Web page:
Professional Development: Idaho

Retaining Effective Teachers Policy


The state should require professional development to be based on needs identified through teacher evaluations.

Meets a small part of goal
Suggested Citation:
National Council on Teacher Quality. (2011). Professional Development: Idaho results. State Teacher Policy Database. [Data set].
Retrieved from:

Analysis of Idaho's policies

New legislation in Idaho requires that state-approved evaluation systems include the method through which results of evaluations will be communicated to teachers and also procedures for providing remediation when remediation "is determined to be an appropriate course of action."


Recommendations for Idaho

Require that evaluation systems provide teachers with feedback about their performance.
Although Idaho requires that results of evaluations are communicated with teachers, this only ensures that teachers will receive their ratings, not necessarily feedback on their performance. Idaho should specify that teachers should receive specific feedback on identified strengths and areas that need improvement.  

Ensure that professional development is aligned with findings from teachers' evaluations.
Professional development that is not informed by evaluation results may be of little value to teachers' professional growth and aim of increasing their effectiveness in the classroom. Idaho should ensure that districts utilize teacher evaluation results in determining professional development needs and activities.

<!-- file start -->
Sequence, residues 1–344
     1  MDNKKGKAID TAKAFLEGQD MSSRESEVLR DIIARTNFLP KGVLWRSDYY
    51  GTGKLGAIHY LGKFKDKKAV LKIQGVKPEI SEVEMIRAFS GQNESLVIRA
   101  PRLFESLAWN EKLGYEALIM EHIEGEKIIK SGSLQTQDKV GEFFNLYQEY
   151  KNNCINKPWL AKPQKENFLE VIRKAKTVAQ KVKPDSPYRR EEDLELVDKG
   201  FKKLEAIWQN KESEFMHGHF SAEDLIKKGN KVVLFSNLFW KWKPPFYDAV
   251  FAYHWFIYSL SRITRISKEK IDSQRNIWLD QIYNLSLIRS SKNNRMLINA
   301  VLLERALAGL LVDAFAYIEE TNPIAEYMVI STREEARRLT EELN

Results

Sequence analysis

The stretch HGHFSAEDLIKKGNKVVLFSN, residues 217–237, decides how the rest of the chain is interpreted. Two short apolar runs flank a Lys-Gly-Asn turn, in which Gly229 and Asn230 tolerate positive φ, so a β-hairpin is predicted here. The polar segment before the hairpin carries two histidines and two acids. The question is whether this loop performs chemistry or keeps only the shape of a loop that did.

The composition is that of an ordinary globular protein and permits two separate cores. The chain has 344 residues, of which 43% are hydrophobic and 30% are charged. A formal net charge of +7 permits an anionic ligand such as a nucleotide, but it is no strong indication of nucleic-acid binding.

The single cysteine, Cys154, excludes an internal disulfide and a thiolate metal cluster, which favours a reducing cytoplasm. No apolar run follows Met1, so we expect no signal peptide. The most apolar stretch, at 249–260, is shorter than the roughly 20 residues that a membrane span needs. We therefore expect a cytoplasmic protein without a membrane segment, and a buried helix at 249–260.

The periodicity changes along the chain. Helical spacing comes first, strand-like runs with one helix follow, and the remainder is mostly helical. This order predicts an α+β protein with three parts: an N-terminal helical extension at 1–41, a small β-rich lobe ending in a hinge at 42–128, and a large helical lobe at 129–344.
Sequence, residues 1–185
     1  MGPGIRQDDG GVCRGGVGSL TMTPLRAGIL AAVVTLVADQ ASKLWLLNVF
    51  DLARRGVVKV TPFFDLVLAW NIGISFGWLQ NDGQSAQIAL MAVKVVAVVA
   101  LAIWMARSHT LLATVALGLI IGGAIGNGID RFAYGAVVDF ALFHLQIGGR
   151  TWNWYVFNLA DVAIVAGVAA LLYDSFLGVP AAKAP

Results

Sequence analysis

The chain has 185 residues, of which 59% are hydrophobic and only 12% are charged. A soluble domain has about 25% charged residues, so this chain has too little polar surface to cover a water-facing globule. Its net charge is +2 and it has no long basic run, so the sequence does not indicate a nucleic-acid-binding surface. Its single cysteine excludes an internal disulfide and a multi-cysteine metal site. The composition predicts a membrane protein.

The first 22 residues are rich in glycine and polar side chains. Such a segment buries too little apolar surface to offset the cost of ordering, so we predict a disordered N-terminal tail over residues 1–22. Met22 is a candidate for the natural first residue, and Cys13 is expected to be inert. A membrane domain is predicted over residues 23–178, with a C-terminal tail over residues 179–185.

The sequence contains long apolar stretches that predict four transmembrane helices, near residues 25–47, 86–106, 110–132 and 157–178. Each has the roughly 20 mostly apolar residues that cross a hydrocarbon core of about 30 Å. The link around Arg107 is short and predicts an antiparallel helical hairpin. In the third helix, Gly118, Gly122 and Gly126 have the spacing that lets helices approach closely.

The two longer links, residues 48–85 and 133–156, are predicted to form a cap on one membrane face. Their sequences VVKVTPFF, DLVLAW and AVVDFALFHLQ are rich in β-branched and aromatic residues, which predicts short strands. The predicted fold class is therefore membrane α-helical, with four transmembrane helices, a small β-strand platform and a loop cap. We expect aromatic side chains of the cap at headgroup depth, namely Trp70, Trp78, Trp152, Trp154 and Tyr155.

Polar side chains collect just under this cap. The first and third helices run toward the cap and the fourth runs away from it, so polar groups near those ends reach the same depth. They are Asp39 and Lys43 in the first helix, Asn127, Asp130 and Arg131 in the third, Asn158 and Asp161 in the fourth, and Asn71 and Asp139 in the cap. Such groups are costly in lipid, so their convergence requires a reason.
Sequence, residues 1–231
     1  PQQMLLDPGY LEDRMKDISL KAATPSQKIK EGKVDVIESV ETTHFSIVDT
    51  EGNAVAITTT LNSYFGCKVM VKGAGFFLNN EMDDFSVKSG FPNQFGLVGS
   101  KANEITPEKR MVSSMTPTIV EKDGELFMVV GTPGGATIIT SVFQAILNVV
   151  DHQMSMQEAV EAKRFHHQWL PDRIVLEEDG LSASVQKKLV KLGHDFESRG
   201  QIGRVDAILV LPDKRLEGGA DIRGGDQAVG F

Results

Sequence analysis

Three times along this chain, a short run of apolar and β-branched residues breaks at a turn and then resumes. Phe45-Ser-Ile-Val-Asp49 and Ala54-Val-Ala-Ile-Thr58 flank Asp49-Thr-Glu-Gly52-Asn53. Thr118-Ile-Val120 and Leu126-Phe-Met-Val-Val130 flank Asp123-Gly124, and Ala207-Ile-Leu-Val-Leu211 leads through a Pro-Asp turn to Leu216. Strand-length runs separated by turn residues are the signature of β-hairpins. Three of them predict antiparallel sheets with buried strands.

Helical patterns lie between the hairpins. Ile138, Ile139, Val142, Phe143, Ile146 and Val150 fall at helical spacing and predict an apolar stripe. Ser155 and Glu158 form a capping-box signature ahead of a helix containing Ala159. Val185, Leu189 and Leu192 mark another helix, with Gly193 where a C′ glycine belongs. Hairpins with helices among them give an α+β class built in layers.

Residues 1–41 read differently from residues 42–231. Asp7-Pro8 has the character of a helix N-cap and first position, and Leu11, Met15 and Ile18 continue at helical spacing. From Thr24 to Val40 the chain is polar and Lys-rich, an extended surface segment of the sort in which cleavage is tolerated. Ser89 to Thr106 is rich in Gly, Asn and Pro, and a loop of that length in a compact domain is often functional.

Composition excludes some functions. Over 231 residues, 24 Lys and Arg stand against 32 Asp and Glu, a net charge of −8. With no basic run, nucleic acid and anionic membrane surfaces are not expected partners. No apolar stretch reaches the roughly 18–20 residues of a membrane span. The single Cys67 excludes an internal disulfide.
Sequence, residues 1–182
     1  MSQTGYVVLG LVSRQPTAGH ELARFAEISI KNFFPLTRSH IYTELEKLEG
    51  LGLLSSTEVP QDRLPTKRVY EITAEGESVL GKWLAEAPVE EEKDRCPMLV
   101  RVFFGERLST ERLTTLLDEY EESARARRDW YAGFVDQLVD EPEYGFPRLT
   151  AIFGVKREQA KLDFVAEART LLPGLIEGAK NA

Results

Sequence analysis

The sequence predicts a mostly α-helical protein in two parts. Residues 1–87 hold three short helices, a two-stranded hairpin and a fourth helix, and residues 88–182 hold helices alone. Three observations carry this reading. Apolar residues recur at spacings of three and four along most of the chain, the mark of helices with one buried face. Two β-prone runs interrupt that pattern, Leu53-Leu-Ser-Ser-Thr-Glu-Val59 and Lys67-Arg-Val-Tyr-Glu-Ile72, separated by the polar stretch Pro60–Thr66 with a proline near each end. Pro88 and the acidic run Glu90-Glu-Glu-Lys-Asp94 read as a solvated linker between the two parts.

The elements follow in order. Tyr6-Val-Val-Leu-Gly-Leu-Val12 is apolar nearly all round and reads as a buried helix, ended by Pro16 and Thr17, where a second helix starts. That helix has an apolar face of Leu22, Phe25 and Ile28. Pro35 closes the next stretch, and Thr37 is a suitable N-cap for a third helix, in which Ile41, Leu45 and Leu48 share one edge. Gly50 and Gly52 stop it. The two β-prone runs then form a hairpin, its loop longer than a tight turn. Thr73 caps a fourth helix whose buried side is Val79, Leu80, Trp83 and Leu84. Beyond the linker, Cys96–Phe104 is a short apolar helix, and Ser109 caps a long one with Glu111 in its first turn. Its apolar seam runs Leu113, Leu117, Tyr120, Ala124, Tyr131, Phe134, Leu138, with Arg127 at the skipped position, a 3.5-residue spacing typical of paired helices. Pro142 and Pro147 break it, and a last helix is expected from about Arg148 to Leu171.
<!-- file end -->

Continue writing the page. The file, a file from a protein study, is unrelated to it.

State response to our analysis

Idaho recognized the factual accuracy of this analysis.

Research rationale

For evidence of the benefits of feedback from evaluation systems, and the potential for professional development surrounding that feedback, see T. Kane et al, "Evaluating Teacher Effectiveness." Education Next. Vol 11, No. 3 (2011); E. Taylor and J. Tyler, "The Effect of Evaluation on Performance: Evidence from Longitudinal Student Achievement Data of Mid-Career Teachers." National Bureau of Economic Research (2011).

Much professional development, particularly those that are not aligned to specific feedback from teacher evaluations, has been found to be ineffective.  For evidence see M. Garet, "Middle School Mathematics Professional Development Impact Study: Findings After the Second Year of Implementation." Institute of Education Sciences (2011).

For additional evidence regarding best practices for professional development, see "The Deliver, Financing, and Assessment of Professional Development in Education: Pre-Service Preparation and In-Service Training." The Finance Project (2003).